Molecule provides early clue to prostate cancer metastasis

By / 25th of January, 2017

RAISED levels of a tiny molecule in the bloodstream have been linked with prostate cancer metastasis, potentially helping researchers detect the spread of the disease sooner.

A multi-institutional research team led by the University of Adelaide in South Australia has found that a certain microRNA molecule promoted the metastasis of prostate cancer cells.

The study showed how miR-194 promoted cancer metastasis by inhibiting a key protein called SOCS2, which suppresses the spread of cancer cells.

Lead researcher Luke Selth from the University of Adelaide’s Dame Roma Mitchell Cancer Research Laboratories said the findings created opportunities for new prediction methods and treatments.

“We previously identified a microRNA (miR-194) that was elevated in the bloodstream of patients who experienced a poor outcome following surgery,” he said.

“By studying the level of miR-194 in the blood at an early stage of disease, it now makes it possible to identify the patients that are likely to metastasise or who have already experienced metastasis that would not have been picked up by the scanning technologies that we currently have.

“The second significant thing about this new study is we could potentially develop a drug that could inhibit miR-194 and that drug could be used to treat patients by reducing the rate of metastasis.”

According to the Australian Institute of Health and Welfare there were about 18,000 new cases of prostate cancer in Australia last year and almost 3400 deaths.

img - industries_health_prostate cancer pathway_P1The microRNA molecule miR-194 promotes cancer metastasis by inhibiting a protein called SOCS2, which suppresses the spread of cancer cells.

Dr Selth said prostate cancer only killed men after they metastasised from the prostate.

He said the identification of markers could save lives if doctors were able to use them predict the likelihood of prostate cancer spreading at an early stage.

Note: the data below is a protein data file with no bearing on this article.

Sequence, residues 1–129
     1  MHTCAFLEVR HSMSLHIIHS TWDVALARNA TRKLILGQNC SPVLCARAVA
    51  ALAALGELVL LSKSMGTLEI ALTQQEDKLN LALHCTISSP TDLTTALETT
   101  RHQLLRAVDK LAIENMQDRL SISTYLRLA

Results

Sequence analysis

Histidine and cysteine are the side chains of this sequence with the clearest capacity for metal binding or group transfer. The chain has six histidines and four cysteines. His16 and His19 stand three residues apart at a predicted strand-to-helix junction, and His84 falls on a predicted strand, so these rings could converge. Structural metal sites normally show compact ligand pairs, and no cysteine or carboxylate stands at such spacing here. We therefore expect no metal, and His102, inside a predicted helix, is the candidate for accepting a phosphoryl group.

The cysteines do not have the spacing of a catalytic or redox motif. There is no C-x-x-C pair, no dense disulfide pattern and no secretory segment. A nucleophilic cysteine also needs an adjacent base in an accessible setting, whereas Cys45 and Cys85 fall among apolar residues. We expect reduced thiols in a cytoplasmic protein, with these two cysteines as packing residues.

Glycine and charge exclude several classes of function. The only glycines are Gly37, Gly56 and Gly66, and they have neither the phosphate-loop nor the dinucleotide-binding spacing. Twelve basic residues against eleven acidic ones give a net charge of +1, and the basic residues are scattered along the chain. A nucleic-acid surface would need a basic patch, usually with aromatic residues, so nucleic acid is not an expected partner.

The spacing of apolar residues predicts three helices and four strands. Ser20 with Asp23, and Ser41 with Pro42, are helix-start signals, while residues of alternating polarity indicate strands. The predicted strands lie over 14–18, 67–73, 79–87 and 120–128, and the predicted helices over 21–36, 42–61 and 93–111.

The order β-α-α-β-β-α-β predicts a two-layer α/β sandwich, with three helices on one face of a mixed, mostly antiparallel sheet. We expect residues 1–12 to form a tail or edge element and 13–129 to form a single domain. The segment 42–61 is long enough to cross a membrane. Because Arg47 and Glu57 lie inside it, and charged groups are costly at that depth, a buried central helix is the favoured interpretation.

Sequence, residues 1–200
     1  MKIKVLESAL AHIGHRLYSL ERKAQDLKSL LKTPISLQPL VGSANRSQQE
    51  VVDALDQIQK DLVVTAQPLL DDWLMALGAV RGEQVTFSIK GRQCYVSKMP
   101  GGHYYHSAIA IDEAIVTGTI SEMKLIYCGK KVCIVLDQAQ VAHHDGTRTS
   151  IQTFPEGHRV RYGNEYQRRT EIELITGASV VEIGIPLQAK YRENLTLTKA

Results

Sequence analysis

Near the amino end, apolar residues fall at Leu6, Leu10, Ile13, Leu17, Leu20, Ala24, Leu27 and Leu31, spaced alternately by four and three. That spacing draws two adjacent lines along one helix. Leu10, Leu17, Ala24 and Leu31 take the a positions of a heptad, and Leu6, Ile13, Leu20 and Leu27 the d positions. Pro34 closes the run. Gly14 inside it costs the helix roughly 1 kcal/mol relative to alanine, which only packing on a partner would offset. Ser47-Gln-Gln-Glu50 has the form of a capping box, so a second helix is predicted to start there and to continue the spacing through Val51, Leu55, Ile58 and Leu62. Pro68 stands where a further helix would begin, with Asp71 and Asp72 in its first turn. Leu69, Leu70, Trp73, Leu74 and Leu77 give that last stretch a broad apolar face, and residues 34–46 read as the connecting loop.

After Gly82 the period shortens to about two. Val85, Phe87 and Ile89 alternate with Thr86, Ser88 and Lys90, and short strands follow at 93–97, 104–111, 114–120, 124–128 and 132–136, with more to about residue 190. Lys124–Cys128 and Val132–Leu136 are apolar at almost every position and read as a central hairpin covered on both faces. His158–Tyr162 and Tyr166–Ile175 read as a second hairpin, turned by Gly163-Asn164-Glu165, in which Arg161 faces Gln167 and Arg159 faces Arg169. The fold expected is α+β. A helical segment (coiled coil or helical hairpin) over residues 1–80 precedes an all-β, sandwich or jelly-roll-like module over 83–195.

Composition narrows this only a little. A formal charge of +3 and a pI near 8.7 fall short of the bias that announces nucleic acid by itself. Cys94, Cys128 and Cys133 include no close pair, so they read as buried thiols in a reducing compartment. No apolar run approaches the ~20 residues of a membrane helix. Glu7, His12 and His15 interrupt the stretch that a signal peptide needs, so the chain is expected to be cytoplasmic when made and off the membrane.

The research team is currently testing this idea using larger patient groups to validate their findings and test whether inhibiting miRNA in the lab could suppress the spread of cancer.

“The idea is to develop a test where if you have high levels of miR-194 in your blood and were likely to experience metastasis, then you could undergo more aggressive treatment strategies,” Dr Selth said.

The international research team included members from the University of Michigan, Vancouver Prostate Centre, the Mayo Clinic and Johns Hopkins University.

The work was funded by the National Health and Medical Research Council of Australia, the Prostate Cancer Foundation (USA), the Freemasons Foundation Centre for Men’s Health, the Prostate Cancer Foundation of Australia and Movember.

The research titled MicroRNA-194 promotes prostate cancer metastasis by inhibiting SOCS2 was published in the journal Cancer Research.

Dr Selth’s original research on miR-194 was published in the British Medical Journal of Cancer.

South Australia’s capital Adelaide has three long-standing public universities, Flinders UniversityUniversity of South Australia and the University of Adelaide, each of which are consistently rated highly in the international higher education rankings.

Key contacts

Dr Luke Selth Prostate Cancer Foundation Research Fellow The University of Adelaide Dame Roma Mitchell Cancer Research Laboratories, Freemasons Foundation Centre for Men's Health
61 08 8222 3618 luke.selth@adelaide.edu.au www.adelaide.edu.au